Saturday, August 25, 2012

I need a Breezepod

I interrupt this long period of silence with a blog entry.  Surprise!  I've been consumed by real life matters that haven't left me in the chattiest of moods, but today I took a break from the dull business of reality to go on a fun outing.

Have you heard of Sunset Magazine?  If you live on the west coast, then you surely know that it's a well-established and beloved home decor, gardening, cooking, west coast lifestyle magazine.  And from time to time they build or decorate an "idea house" that is open for touring.  Well, imagine my delight when I realized that the current Sunset Idea House is right here in my town, Healdsburg.  And I was even more delighted when I learned that it's in my very neighborhood, about 6 blocks away and up into the pricey hillside area with gorgeous views.

So off  I went today, with my friend Sally, to tour the place.  Here's what it looks like as you approach from the end of the road.

This "Breezehouse" is a pre-fab home by a California company called Blu Homes, designed to be green and energy efficient and affordable.  While this sort of modern design isn't usually to my taste, I liked how the inside felt open and functional and, well, breezy.   

That deck up there, right off the living room, had the most gorgeous view of oak-covered hills and I could pretty much have stayed there all day.

Okay, here's the photo that made me pull out my phone to start taking photos.  Look at that tile!  Doesn't it look like buttons?  I just love the texture, modern but funky.  Here's another look:

It was on all the walls in the shower, too.  (In case you need this for your next home, it's from Walker Zanger, from the Tu Collection, in cool white.  And oh my gosh, do they have beautiful tile products and a stunning blog. If I ever win the lottery and end up in a position to do a home, I'll know where to go for tile.)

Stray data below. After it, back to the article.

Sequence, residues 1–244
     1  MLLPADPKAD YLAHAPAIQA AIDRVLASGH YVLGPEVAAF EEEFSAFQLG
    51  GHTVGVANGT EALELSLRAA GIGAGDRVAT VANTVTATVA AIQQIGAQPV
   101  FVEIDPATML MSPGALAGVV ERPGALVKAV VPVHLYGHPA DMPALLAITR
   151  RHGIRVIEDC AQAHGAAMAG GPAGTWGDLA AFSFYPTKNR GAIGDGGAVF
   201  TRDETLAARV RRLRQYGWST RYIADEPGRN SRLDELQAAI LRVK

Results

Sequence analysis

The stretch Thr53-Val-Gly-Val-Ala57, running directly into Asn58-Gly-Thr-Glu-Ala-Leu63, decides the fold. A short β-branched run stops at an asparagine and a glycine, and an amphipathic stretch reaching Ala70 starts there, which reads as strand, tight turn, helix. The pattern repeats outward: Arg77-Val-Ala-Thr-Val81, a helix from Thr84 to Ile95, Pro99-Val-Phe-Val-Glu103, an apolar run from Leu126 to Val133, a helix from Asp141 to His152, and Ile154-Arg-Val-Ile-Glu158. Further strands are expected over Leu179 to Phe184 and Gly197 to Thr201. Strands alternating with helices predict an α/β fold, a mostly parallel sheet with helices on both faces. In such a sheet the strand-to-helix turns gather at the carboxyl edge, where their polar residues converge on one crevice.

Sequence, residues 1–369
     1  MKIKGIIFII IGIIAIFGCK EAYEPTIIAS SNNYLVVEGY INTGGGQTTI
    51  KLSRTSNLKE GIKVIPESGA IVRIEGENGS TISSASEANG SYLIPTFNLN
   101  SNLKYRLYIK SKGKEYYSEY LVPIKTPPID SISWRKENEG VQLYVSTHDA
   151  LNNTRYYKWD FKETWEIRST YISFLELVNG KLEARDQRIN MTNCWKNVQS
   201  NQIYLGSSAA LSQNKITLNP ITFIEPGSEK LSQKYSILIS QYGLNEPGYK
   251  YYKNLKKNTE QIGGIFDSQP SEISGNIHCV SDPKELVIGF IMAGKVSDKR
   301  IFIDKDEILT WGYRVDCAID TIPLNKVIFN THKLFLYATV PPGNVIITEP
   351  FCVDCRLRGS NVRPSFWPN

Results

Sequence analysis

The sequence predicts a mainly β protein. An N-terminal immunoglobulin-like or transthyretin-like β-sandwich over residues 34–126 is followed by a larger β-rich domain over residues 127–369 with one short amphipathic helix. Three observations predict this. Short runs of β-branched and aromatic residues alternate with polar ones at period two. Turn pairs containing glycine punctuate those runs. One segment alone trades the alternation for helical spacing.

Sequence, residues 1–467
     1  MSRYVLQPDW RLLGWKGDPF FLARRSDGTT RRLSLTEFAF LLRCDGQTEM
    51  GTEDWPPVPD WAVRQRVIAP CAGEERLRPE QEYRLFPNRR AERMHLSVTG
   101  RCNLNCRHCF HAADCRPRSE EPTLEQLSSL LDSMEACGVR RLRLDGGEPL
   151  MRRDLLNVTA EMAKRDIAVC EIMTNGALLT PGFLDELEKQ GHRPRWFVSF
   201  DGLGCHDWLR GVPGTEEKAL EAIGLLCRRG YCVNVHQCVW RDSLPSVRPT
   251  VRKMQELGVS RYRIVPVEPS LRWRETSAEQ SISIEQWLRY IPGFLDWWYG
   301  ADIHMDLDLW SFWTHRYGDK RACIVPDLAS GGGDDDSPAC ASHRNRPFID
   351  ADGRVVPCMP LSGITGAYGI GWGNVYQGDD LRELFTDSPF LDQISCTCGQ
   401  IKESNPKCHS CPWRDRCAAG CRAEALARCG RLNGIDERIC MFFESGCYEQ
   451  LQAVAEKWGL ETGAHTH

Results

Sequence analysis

And speaking of tile, here's a shot of me and Sally as we admire the pretty blue tile in this bathroom.  (We were in focus in person.  Honest.)

The kitchen had a similar warm teal subway tile for the backsplash, that looked so pretty with the light wood.

Who knew it would be the tile that would get my attention today?  And speaking of tile, look at the beautiful fireplace surround in the living room:

 The artwork throughout the house was delightful -- pulled together by designer Sharon Portnoy.  (When I win that lottery and do that house?  I'll call her.  That woman has great taste.)  Here's a piece I fell in love with, and I'm sorry that I couldn't find any artist attribution at all:

Kind of makes you want to get out the scissors and glue stick, doesn't it?

There was a little wine room, which Sally and I figured was designed especially so a parent could go hide away alone and get sloshed after a hectic day.  Notice: only one chair in here.

I think my favorite part of the house was what they called the "Breezepod," a separate room across a gorgeous deck from the main house.  It would make the perfect quilt studio, and I was eying the sunny deck thinking what a great fabric dying spot it would make.  I think I'd call mine the Artpod.